National News

Liberals revamp rent relief for businesses hit by COVID-19, expand loan program

By The Canadian Press

Published 10:36 PDT, Fri October 9, 2020

OTTAWA — The federal government will provide direct help to businesses hit by the COVID-19 pandemic to help them offset the cost of rent, Prime Minister Justin Trudeau announced Friday.

He said a revamped commercial rent-relief program will cover up to 65 per cent of eligible expenses for companies, and up to 90 per cent for those subject to localized lockdowns.

The government will also cover up to 65 per cent of eligible wages through its subsidy program, but only until the end of December, and expand a well-used loan program by providing an added $10,000 that could be forgivable.

Trudeau said that even though many businesses have reopened, a number of them are not at full capacity while others are worried about surviving a second wave.

He said the government wants to help those companies hang on, and keep their workers employed.

Statistics Canada reports today that the country added 378,000 jobs in September, bringing overall employment to within 720,000 of pre-pandemic levels.

Overall, the unemployment rate fell to 9.0 per cent, continuing its slide down from the record-high of 13.7 per cent recorded in May. Still, there were 1.8 million Canadians unemployed in September, with the vast majority, about 1.5 million, looking for work.

Statistics Canada says the unemployment rate would have been 11.9 per cent in September had it included in its calculation people who wanted a job, but didn't look for work.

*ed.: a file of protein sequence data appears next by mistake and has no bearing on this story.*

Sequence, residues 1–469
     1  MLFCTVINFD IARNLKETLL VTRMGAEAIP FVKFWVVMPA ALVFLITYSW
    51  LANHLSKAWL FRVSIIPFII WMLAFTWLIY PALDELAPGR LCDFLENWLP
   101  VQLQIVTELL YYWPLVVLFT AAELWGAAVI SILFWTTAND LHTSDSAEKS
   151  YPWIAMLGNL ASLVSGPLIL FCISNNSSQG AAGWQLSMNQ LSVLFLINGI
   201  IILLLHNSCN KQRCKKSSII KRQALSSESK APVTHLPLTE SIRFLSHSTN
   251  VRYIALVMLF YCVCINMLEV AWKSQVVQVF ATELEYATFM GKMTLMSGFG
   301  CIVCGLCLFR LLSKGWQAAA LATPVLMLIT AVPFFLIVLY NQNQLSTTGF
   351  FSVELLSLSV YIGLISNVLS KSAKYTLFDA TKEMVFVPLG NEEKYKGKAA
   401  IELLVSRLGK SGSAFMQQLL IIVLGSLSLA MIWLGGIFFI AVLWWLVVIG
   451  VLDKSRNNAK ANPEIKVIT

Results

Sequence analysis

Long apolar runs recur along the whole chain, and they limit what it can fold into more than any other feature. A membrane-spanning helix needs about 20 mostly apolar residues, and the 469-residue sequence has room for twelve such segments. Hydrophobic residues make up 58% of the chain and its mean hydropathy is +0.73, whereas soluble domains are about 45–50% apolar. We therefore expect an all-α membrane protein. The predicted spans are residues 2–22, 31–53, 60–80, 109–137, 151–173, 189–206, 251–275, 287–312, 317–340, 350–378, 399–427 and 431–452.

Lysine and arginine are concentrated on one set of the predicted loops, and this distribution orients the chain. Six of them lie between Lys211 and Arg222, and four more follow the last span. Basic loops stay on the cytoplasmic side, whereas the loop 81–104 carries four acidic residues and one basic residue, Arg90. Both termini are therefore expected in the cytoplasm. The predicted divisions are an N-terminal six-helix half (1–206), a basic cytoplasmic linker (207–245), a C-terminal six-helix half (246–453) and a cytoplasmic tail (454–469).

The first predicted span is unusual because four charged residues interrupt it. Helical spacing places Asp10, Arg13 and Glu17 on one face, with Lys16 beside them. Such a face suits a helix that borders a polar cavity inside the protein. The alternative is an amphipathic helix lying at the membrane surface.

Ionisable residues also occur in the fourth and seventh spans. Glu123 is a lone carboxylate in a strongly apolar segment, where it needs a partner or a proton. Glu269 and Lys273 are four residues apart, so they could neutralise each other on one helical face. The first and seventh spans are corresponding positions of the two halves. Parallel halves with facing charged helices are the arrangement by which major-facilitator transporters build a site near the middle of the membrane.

But looming over a jobs report filled with positives was the potential for a rollback as COVID-19 case counts rise, with the pandemic straining a historic economic crisis.

Finance Minister Chrystia Freeland said the measures unveiled by the government Friday, including the new rent support measure that will be in place until next June, are part of a targeted plan promised in last month's throne speech.

The top of the rent relief will go to those who have had their incomes drop the most, with a sliding scale of help for others who have not been hit as hard.

"This is not for everyone. Some businesses are able to work at full capacity despite COVID-19 and they are doing well and that's great," Freeland said Friday.

"This support is not designed for them. These measures are targeted for those who need it most."

— Jordan Press, The Canadian Press

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